Controversial advertisements and campaigns have been run by brands for decades – and they always end with serious backlash from consumers.
With numerous advertising flops in the past to reference, we thought that brands would have learnt how to avoid such mishaps by now.
In an email interview with Business Insider, Eric Schiffer, who is chairman and CEO of Reputation Management Consultants and Patriarch Equity, and chairman of DigitalMarketing.com, laid out two tips that brands should follow to avoid such backlash.
Companies should have “brand checks prior to public messaging”, and hire the right people.
And by right people, he means “people who have cultural awareness and solid emotional intelligence that won’t create a marketing disaster over outlandishly poor judgement”.
Following these two steps will ensure a strong brand image, and that will build trust between brands and their consumers.
That seems simple enough.
But of course, this trust “can be destroyed when brands act in ways that breach principles that are known to the public”, says Schiffer who also serves as a trusted advisor to multiple Fortune 500 CEOs, foreign business leaders, and Forbes 400 billionaires.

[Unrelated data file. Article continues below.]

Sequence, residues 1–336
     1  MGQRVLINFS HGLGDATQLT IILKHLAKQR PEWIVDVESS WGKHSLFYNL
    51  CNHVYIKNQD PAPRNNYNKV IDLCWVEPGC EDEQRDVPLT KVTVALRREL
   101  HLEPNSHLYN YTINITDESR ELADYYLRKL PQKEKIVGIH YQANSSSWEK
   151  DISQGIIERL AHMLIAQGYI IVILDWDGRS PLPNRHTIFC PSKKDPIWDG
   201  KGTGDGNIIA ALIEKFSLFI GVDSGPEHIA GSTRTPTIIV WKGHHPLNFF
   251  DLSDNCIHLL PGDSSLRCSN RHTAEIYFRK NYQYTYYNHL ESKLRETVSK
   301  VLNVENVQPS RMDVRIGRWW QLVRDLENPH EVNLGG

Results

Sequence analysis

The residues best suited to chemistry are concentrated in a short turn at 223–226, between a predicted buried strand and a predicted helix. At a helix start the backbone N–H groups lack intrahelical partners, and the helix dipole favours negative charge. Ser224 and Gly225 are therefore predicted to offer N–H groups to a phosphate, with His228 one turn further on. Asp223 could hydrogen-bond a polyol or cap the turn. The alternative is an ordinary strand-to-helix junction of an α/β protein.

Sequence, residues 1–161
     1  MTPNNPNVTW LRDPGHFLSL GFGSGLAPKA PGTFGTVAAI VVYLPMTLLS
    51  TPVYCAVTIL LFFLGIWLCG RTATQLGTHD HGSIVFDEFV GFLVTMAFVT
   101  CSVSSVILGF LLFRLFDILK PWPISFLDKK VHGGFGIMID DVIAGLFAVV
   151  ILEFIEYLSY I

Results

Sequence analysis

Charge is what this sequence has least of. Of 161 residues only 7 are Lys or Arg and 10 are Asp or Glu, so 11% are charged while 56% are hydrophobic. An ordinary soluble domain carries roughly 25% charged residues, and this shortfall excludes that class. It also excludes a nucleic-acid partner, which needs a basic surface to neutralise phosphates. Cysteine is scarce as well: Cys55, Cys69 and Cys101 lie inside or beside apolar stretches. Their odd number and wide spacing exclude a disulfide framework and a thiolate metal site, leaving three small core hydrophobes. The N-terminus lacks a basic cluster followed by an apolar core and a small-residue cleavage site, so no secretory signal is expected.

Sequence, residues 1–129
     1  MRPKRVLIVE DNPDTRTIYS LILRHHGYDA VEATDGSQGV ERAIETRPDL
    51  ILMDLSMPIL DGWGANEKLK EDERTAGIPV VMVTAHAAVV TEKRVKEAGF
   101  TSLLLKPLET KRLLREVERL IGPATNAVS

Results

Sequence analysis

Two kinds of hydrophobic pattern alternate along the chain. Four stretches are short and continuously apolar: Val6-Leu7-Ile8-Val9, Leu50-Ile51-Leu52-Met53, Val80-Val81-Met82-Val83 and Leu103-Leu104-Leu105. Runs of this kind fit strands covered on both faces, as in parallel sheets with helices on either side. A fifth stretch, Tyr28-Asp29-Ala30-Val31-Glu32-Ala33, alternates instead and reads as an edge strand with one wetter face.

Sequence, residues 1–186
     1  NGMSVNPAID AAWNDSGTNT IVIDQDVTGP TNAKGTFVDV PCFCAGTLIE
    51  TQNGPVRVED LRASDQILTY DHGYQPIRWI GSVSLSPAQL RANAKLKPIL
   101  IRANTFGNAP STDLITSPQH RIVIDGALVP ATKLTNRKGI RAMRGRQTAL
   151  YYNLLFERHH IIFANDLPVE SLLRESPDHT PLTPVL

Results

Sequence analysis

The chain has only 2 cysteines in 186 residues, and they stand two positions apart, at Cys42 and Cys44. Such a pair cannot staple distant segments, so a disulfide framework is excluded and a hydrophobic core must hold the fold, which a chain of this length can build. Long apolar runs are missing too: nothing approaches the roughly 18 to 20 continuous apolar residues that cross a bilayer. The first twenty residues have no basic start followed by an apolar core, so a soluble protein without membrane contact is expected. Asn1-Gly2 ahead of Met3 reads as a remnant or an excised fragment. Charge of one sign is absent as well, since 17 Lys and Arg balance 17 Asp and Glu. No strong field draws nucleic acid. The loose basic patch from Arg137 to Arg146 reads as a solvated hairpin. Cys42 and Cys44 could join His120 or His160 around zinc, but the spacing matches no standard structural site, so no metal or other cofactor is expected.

Dove’s recent faux pas serves as a classic example of such a case.
The advertisement released by Dove earlier this month for its body lotion saw a black woman turning into a white woman. It ended on a low note, with the company apologising to its customers for “missing the mark”.
The advertisement itself was “an epic failure in internal checks and balances, and showed their marketers have the messaging acumen of a sea monkey”, said Schiffer.
And Dove’s apology was no better.
Schiffer says the apology “went down like eating airplane food in coach. It was canned, disingenuous and admitted to gross incompetence”.
He says: “Dove took a firm known to embrace diversity and women and initiated brand suicide starting with their well cleaned middle finger at a large swath of their customers”.
But yes, we agree that there’s no way around it – it was a marketing disaster.
Instead, the company should have taken time to rebuild its reputation with the affected communities and made an example of the people who made the “flawed choice that led Dove to experience an international embarrassment”, said Schiffer.